|Catcher, Outfielder, First Base, Designated Hitter|
January 3, 1943 |
|Batted: Left||Threw: Right|
|April 13, 1966 for the Atlanta Braves|
|Last MLB appearance|
|July 11, 1976 for the California Angels|
|Runs batted in||37|
Henry Adrian "Smokey" Garrett, Jr. (born January 3, 1943, in Brooksville, Florida) is a former professional baseball player who played eight seasons for the Atlanta Braves, Chicago Cubs, Oakland Athletics, and California Angels of Major League Baseball. Garrett later played for the Hiroshima Carp in Japan, hitting 102 home runs in three seasons. Hiroshima won the 1979 Japan Series against Charlie Manuel and the Kintetsu Buffaloes. During the course of his career, for all seasons in all leagues, Garrett slugged a total of 424 home runs. This is broken down as follows: U.S. Minor Leagues: 280, Japan: 102, Venezuelan Winter League: 31 (Regular & Post-Season) and Major Leagues: 11. He also totaled 3,691 Total Bases and drove in 1,388 runs.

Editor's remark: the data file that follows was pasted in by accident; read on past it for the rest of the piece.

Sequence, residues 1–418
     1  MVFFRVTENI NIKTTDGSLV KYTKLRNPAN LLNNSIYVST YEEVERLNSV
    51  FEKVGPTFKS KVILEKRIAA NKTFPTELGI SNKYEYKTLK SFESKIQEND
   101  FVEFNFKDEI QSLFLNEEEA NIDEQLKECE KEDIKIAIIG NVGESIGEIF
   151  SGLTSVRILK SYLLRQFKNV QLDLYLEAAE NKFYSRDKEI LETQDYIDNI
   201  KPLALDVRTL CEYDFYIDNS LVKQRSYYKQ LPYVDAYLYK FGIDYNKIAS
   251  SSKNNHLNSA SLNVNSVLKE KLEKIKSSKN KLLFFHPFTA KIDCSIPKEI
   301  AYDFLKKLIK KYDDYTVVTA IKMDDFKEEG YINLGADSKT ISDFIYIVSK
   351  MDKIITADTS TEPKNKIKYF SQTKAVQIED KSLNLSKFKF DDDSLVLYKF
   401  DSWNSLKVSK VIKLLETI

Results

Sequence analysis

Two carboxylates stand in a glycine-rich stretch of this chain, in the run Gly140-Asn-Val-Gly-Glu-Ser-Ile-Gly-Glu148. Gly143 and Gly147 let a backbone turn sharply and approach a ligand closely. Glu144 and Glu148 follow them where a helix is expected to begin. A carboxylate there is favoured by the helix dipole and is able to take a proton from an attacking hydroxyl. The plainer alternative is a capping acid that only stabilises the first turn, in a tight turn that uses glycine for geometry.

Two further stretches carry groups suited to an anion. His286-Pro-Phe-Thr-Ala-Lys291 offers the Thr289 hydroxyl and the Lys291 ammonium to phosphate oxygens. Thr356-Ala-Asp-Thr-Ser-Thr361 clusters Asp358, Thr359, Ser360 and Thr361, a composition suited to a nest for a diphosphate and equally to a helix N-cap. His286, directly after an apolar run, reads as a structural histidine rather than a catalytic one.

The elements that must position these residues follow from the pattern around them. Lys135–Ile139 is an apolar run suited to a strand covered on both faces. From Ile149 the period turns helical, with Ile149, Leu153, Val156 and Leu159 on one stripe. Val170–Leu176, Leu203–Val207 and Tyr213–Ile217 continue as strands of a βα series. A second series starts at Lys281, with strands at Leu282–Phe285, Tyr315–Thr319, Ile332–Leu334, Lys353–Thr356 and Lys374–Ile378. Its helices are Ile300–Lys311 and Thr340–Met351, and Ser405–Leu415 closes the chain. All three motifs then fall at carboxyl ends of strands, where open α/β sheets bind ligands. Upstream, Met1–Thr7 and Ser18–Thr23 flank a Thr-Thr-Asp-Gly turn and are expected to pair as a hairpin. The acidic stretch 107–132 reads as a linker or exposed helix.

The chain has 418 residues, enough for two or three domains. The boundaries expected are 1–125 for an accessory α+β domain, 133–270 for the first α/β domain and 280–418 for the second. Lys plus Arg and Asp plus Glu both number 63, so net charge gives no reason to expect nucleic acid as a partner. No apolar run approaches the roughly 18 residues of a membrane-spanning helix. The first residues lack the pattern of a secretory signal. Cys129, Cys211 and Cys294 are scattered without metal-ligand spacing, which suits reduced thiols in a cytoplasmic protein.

Garrett's younger brother, Wayne Garrett, won the 1969 World Series with the New York Mets. Garrett served as hitting coach for the Louisville Bats, the Triple-A affiliate of the Cincinnati Reds, from 2003 through 2011. He served in this capacity for the 2011 season, along with Pitching Coach Ted Power and Manager Rick Sweet. In 2012 & 2013, Garrett's role was that of a part-time instructor for Cincinnati during spring training, post-draft mini-camp, instructional league and the regular season.
Halls of Fame
Garrett is a member two Baseball Halls of Fame: the Tacoma (WA) Baseball Hall of Fame and the Appleton (WI) Baseball Hall of Fame.
- Career statistics and player information from Baseball-Reference, or Fangraphs, or The Baseball Cube, or Baseball-Reference (Minors)
- Venezuelan Professional Baseball League
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